Every once in a while, you find a bowhunter who is as accurate with a bow as Billy the Kid was with a revolver. When they let the arrow fly, it hits whatever they were aiming at. Whether they are on the archery range or on the side of a mountain, they know how to get the job done even when shooting extremely long distances. Being accurate at long ranges isn’t rocket science—it just takes practice and knowing a few things about the technical side of archery.
Joe Bell of Arizona knows a few things about being accurate with archery tackle, even when shooting 40 to 60 yards and beyond. Bell is the editor of Bow & Arrow Hunting Magazine and is the author of Technical Bowhunting, a guide that shows bowhunters how to set up their own bows, shoot more accurately at short and long ranges and become an all-around better bowhunter.
In the West where Bell lives, it isn’t uncommon to have to take long shots at elk and antelope, but even whitetail hunters are sometimes faced with long distance shots beyond 40 yards. If you are accurate at long distances, you will be more apt to put more trophies on the wall. The first step in increasing accuracy, according to Bell is understanding how to work on your own equipment.
“Most bowhunters who can accurately shoot at great distances set up their bows from start to finish,” Bell said. “They know how to tune a bow properly and what to do when their arrows aren’t flying correctly. They constantly test their equipment to get the right broadhead and arrow combination and regularly fine tune their bow to get the most accurate set up they can.”
To have an accurate set up, you first need a good bow. Bell suggests having a bow with a brace height of around 7 inches. A bow with a long brace height is forgiving but lacks speed. A bow with a short brace height is often super fast but not as accurate in the hands of an average bowhunter.
“A bow with a 7-inch brace height is fast so if you misjudge the yardage of a shot by a few yards, you will be ok and still hit relatively close to where you are aiming,” Bell said. “A 7-inch brace height is still fairly forgiving so the bow will be accurate.”
The biggest thing that will increase a bowhunters’ ability to hit their mark every time at great distances is practice. You know the saying—practice makes perfect. Bell suggests shooting at even greater distances than you would ever feel comfortable shooting in a hunting situation.
“If a bowhunter wants to be comfortable shooting at game animals out to 40 yards, they should practice at 50, 60 or 70 yards on a regular basis,” Bell said. “It keeps their shooting muscles fresh and their confidence up so they will feel extremely comfortable taking the 40-yard shot when the moment arises. On the practice range, bowhunters should concentrate on every shot and practice a subconscious release to eliminate punching the trigger.”
Bell added, “The nice thing is when you are practicing, the worst thing that can happen is you miss the bail of hay or the 3D target. The long-distance practicing makes bowhunters a better shot in the field, regardless of the distance they shoot at.”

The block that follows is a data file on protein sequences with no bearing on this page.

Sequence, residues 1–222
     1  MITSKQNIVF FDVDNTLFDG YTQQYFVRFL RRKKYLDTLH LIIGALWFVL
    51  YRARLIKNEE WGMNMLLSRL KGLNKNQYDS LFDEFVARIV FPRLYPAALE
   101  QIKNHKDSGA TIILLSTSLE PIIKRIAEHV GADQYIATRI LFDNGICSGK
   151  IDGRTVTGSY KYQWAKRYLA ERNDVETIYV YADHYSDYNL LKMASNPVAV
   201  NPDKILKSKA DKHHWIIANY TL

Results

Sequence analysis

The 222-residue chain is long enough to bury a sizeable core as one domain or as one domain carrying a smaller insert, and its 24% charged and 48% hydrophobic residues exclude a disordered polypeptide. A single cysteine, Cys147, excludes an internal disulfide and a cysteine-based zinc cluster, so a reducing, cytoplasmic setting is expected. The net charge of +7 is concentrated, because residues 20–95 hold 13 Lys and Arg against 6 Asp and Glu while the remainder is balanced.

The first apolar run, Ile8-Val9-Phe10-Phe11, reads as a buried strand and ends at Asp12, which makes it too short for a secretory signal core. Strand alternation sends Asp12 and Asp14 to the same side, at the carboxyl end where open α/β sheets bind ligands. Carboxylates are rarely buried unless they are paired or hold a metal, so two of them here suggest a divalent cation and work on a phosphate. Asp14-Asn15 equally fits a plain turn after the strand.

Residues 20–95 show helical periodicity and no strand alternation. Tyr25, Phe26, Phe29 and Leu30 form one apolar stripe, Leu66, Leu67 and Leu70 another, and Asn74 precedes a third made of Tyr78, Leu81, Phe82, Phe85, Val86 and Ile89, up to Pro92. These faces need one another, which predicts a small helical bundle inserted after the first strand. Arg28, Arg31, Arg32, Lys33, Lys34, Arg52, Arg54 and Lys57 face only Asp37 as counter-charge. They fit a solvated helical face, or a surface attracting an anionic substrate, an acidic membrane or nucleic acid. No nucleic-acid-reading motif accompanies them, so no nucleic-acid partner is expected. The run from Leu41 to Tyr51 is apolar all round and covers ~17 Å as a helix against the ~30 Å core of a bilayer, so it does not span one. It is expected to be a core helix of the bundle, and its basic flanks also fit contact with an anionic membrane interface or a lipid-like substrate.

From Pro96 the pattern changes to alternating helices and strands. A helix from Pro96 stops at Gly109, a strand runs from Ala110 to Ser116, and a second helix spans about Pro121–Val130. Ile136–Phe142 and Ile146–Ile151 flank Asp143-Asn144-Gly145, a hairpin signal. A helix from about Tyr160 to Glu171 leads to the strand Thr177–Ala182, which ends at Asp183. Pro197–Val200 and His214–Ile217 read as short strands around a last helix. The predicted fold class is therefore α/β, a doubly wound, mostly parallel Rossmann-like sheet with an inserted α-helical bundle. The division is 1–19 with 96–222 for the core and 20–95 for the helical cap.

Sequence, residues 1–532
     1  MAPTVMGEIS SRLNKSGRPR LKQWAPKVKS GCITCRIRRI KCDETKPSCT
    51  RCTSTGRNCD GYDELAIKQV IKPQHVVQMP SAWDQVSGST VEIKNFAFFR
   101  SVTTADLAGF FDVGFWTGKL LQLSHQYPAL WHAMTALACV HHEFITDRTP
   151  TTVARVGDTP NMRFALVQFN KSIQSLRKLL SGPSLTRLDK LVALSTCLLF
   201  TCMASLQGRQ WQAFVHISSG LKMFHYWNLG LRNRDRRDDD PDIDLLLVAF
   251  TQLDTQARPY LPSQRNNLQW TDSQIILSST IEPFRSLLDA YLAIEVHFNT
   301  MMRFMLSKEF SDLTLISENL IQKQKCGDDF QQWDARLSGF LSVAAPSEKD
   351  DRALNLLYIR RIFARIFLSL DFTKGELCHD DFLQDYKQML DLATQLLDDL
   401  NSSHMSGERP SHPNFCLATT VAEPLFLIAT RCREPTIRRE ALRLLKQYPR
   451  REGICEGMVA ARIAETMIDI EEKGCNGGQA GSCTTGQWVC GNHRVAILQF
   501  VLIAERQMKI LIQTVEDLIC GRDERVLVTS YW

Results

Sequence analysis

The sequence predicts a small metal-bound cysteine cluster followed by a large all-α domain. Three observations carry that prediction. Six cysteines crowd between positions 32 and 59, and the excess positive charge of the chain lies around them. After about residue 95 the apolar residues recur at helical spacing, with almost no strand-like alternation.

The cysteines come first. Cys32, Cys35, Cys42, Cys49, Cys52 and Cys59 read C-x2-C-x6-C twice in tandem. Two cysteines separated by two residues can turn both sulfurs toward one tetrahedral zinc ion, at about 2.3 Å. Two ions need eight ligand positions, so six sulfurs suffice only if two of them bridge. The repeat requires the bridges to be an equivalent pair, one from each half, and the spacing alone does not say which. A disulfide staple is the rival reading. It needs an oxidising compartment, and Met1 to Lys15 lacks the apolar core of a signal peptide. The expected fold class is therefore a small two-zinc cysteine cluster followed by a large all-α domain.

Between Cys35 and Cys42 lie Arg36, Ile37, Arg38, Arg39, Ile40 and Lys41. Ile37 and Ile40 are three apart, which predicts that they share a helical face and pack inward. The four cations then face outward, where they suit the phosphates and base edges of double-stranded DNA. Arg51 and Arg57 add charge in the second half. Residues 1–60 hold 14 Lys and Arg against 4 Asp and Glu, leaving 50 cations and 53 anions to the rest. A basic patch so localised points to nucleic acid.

If your form isn’t perfect at 70 yards, it will show when the arrow hits the target and you are several inches away from where you were aiming. When shooting at long distance targets, you can quickly see what happens when you drop your bow arm after the shot or pull left or right as you release the string. Practicing long range shots forces you to eliminate those bad habits or you won’t be very accurate. Keep in mind that regardless of how good of a shot you are, your groups will get larger at long ranges.
“If you can shoot 4-inch groups at 40 yards, expect 8-inch groups at 80 yards. It’s that simple,” Bell explained.
Practicing at long ranges also improves your mental toughness. If you don’t practice at 50 yards but take a 50-yard shot at a monster buck, you are probably taking the shot out of desperation and hoping that you hit where you are aiming. On the other hand, if you regularly practice at 60 yards and a big bull elk gives you a 50-yard shot, you will mentally know you are capable of making the shot and will know how to execute the shot properly.
Last but not least, most bowhunters who shoot animals at long distances regularly experiment with different broadheads, arrows and vanes. Some broadheads and vanes work great when being shot at long distances while others don’t. If you plan to shoot at 40 yards or beyond, the large broadheads and vanes of yesteryear probably won’t work as well as many of today’s shorter broadheads.
Using a heavier, small diameter arrow also helps when taking long distant shots instead of a larger diameter lightweight arrow. “In order to eliminate as much wind drift as possible, shoot the shortest, heaviest, smallest-diameter arrow shaft possible with the least amount of fletching to properly stabilize the arrow and broadhead. However, there is a point of no return. Arrows shorter than 25 inches (shaft length) can become unstable at high speeds,” Bell advised.
Joe Bell’s book, Technical Bowhunting, is available at Amazon.com, Barnes & Noble or through the publisher atwww.up-publications.com.